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Indian Journal of Community Medicine

Sickle Cell Anameia in Tribal Children of Gajpati District in South Orissa

Author(s): T. Sahu, N.C, Sahani, S. Das, S.K. Sahu

Vol. 28, No. 4 (2003-10 - 2003-12)

Deptt. of Community Medicine,
M.K.C.G. Medical College, Berhampur, Orissa

Abstract:

Research questions: What is the extent of the health problems due to sickle cell anaemia in the children of South Orissa? Objectives: 1. To know the frequency and distribution of Sickle Cell Anaemia in 0-15 years children of tribal area. 2. To know the association of different morbidities with Sickle Cell disorders. 3. To suggest measures to promote healthy living in tribal children. Study design: Cross-sectional study.

Setting: Tribal area of Gajapati district in South Orissa.

Participants: Children below 15 years of age.

Study variables: Age, sex, sickling test, differential count, haemoglobin level, splenomegaly, morbidities.

Statistical analysis: Simple proportions and chi-square test.

Results: A cross sectional study on 1704 children in three tribal blocks revealed that 16.55% of children were sickling positive on screening with highest frequency in 5-9 years age group (60.64%) and found in various sub-castes of tribal communities. Anaemia (96.5%) and splenomegaly (30.1%) were constant features in these children. ARI (20.8%), fever (7.3%), pain in abdomen (4.7%) and musculoskeletal pain (0.6%) were the predominant features besides anaemia and splenomegaly. Screening for sickling in this area is suggested for early diagnosis and to promote preventive measures so as to decrease childhood morbidity and mortality.

Key Words: Sickling, Anaemia, Splenomegaly, Haemoglobinopathies, Childhood morbidities

Introduction:

Sickle Cell disease is an inherited disorder of haemoglobin synthesis. This is due to replacement of Valine for Glutamic acid in position 6 of the beta-globin chain of haemoglobin. This genetic alteration yields an unstable RBC with a shortened survival of 10-20 days instead of the normal of 120 days. In situations of stress, the red cells become sickle shaped and get lysed.

India caters to nearly 20 million people with sickle cell disease 1 . The sickle cell gene in India was first described among tribal groups in South India 2 , which spread the wrong message that the disease is confined to tribal people. But the recent data unfolds that the disease is not restricted only to tribal belt but is widely prevalent and has penetrated different castes and communities in our country 3 . It is widely recognized especially in the central parts of India4. The highest frequency of sickle cell gene in India is reported in Orissa followed by Assam, MP, UP, Tamilnadu and Gujarat5 . The average frequency of sickle cell disease in India is 4.3% and that of Orissa is as high as 9.1%6 . Children comprised 52% of sickle cell patients and the three predominant forms of the disease (SS, SB and SD) are clinically and haematologically indistinguishable 7 .

The general impression in Orissa is that, this disease is one of the major health problems only in western parts of Orissa. But cases from different parts of south Orissa reporting to the department of Paediatrics, MKCG Medical College & Hospital, were found to be positive for sickling on investigation. Therefore a community based screening was taken up to assess the problem in this regard within its limited scope and resources.

Material and Methods:

During 2001-2002, health check up camps for children were organized by a voluntary organization in coordination with the Community Medicine department of MKCG Medical College, Berhampur, in three blocks namely Mohana, R. Udaygiri and Nuagada of the Gajapati district in South Orissa. The outreach tribal villages of the mentioned blocks were selected for the purpose of study. Children under the age of 15 years were assessed, who attended the health camps on their own. Children were screened for sickling (by both chemical and direct method). Other laboratory examinations such as haemoglobin estimation (by Sahli's acid haematin method) and Differential Counts were done along with the clinical examination.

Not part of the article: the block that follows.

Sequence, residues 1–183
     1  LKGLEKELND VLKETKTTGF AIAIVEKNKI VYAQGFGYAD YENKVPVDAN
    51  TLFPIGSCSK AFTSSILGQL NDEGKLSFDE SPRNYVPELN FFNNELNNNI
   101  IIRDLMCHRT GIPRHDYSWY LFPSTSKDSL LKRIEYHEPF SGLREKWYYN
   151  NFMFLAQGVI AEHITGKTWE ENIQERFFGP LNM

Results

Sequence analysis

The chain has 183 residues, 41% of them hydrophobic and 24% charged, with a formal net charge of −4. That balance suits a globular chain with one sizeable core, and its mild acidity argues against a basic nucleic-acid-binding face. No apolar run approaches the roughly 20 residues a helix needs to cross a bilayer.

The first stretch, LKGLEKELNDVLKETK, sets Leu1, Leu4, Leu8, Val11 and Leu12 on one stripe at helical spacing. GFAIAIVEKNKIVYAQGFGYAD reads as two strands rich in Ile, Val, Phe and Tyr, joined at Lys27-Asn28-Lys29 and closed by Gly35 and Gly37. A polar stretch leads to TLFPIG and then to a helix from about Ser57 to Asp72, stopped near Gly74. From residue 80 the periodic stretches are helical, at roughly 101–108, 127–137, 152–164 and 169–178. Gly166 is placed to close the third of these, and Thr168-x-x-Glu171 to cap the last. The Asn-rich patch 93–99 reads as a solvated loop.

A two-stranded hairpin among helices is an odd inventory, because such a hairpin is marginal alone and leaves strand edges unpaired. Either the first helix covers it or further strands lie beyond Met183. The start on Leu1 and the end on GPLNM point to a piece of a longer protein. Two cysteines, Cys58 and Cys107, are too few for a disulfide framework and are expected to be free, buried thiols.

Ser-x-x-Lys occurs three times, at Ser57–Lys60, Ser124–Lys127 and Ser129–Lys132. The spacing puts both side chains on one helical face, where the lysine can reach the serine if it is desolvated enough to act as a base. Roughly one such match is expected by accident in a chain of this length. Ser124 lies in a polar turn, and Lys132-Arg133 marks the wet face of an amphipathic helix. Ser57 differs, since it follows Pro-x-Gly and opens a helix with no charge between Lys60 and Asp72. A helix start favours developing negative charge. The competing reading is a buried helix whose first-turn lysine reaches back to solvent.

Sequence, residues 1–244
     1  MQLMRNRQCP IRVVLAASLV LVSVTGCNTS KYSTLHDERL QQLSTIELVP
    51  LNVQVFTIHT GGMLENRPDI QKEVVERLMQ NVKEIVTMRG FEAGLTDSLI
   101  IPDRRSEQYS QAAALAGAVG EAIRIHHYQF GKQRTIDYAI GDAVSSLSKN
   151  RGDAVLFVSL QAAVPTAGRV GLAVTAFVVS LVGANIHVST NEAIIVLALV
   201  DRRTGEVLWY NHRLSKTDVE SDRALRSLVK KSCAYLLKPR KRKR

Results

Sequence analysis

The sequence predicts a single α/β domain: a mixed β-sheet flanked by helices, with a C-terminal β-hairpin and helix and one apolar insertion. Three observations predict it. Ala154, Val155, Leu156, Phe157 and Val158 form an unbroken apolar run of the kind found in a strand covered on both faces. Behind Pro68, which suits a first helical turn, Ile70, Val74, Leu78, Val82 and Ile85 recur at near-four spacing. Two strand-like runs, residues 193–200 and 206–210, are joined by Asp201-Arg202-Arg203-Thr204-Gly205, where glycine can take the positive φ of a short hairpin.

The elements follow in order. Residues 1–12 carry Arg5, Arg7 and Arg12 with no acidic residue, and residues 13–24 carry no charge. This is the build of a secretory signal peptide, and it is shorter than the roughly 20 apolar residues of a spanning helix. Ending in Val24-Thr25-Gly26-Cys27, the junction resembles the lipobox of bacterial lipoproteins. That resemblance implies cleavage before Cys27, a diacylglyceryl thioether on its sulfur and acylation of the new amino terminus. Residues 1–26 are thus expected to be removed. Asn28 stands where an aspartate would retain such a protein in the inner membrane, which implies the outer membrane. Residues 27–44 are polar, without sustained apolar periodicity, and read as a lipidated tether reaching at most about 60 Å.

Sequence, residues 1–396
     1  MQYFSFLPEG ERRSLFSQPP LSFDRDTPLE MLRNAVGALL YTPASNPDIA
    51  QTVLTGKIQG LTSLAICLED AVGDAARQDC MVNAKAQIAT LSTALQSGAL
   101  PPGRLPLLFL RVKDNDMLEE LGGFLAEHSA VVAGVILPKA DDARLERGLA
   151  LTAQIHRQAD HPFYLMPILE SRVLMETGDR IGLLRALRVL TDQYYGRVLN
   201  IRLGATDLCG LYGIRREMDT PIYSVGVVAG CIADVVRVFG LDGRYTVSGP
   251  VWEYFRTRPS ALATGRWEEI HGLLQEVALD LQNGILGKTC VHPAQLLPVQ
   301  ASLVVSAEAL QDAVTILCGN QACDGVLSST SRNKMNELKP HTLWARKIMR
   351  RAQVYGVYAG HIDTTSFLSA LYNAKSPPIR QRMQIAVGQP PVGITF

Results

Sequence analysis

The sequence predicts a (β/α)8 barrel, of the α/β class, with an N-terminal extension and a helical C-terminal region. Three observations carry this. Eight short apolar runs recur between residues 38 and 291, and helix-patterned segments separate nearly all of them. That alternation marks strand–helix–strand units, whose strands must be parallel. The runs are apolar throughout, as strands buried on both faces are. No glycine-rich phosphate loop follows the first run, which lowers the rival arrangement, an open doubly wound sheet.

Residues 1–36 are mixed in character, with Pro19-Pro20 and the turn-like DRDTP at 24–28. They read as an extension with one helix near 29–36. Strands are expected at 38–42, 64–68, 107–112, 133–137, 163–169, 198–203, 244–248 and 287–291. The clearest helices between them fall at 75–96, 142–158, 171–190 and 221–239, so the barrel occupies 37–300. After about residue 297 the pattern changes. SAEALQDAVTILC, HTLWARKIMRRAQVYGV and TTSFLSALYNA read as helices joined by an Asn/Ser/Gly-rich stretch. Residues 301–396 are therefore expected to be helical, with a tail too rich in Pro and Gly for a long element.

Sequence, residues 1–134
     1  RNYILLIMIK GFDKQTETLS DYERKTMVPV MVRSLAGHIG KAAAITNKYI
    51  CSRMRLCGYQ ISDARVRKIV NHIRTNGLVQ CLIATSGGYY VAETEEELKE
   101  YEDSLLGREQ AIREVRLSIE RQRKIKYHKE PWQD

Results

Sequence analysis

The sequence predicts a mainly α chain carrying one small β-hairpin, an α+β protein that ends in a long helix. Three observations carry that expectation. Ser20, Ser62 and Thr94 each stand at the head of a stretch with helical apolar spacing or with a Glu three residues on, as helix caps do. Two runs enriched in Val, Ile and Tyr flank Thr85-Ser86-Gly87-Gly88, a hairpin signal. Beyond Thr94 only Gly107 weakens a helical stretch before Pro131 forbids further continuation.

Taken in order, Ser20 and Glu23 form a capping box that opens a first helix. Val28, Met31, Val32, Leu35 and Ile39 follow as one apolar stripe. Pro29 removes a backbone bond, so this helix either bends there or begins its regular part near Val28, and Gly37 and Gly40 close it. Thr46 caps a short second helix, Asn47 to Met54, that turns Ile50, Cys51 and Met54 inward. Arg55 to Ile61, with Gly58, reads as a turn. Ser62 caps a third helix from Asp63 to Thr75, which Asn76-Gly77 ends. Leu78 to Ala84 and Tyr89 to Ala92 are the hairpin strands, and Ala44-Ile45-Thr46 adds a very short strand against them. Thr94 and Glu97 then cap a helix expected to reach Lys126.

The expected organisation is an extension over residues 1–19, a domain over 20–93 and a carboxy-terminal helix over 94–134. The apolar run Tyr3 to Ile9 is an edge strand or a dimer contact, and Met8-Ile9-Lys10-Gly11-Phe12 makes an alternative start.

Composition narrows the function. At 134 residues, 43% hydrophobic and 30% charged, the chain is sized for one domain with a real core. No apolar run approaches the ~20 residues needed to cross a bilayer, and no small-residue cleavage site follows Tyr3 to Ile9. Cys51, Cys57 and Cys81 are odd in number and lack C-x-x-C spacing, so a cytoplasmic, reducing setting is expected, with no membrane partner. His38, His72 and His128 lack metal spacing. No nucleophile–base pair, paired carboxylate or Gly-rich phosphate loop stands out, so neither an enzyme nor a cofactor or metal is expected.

Results:

Table I: Age and sex wise distribution of sickling positive children.

Age Group Sex Total Affected
(in yrs) Male Female Children
0-4 48 41 89 (691)
5-9 94 77 171 (873)
10-15 16 06 22 (140)
Total 158 (914) 124 (790) 282 (1704)

The figures in parentheses show the frequency of total children as per age and sex.

A total of 1,704 children under 15 years of age had voluntarily attended the health camp. Among these children 914(53.64%) were males and 790(46.36%) were females. 282(16.55%) children were found sickling positive on screening.

Among the male children 158(17.29%) and among the female children 124( 15.7%) were found to be sickling positive. The difference in sex wise prevalence was not found statistically significant ( Χ 2 = 0.776; df =1; p>0.05). 89(12.88%) children in the age group of 0-4 years, 171(19.59%) children in the age group 5-9 years and 22(15.71%) children in the age group of 10-14 years were sickling positive. The difference in age wise prevalence of sickling positives was found significant ( Χ 2 = 12.64; df = 2; p<0.001).

Table II: Distribution of sickling positive children according to their castes.

Caste No. %
Raita 42 14.89
Sabar 27 9.57
Beera 24 8.51
Mandal 25 8.87
Lima 21 7.45
Majhi 18 6.38
Karad 18 6.38
Gomango 13 4.61
Dalbehera 11 3.90
Raika 9 3.19
Others (Karjee, Jani. Mali, Misal, Ganta, Paspureddy, Kaunri, Desnaidu, etc.) 74 26.24

The sickling positive children were belonging mostly to scheduled castes and scheduled tribes. They included Raita (14.89%), Sabar (9.57%), Beera (8.51%), Mandal (8.87%), Lima (7.45%), Majhi (6.38%), Karad (6.38%), Gomango (4.6%), Dalbehera (3.9%), Raika (3.19%) and others like Karjee, Jani, Mali, Misal, Ganta, Paspureddy, Kaunri and Desnaidu etc. (26.24%).

Table HI: Prevalence of anaemia in 0-15 years children.

[A] Sickling positive children with anaemia
Age Group Anaemia Total Anaemia
Mild Moderate Severe No. %
< 5 years (n=89) 58 23 04 85 95.5
> 5yrs (n=193) 135 43 09 187 96.89
Subtotal (n=282) 193 66 13 272 96.5
[B] Sickling negative children with anaemia (n=1,422) 1,283 90.2
Total children with Anaemia (n=(1,704)       1,555 91.26

91.26% of the total children were anaemic. The prevalence of anaemia in sickling positive children was 96.5% and the same in sickling negative children was 90.2%. The difference in the prevalence of anaemia in sickling positives as compared to that of normal children was found statistically significant ( Χ 2 = 11.44; df = l; p<0.001). Among the sickling positive children, 85(95.5%) of the under 5 years and 187 (96.89%) in the age group of 5-15 years were found to be anaemic. There was no significant difference in the prevalence of anaemia in different age groups (Χ 2 = 0.34; df=1; p>0.05). Among sickling positive children 193(71%) of the anaemics had mild anaemia, 66(24%) moderate anaemia and 13(5%) had severe anaemia.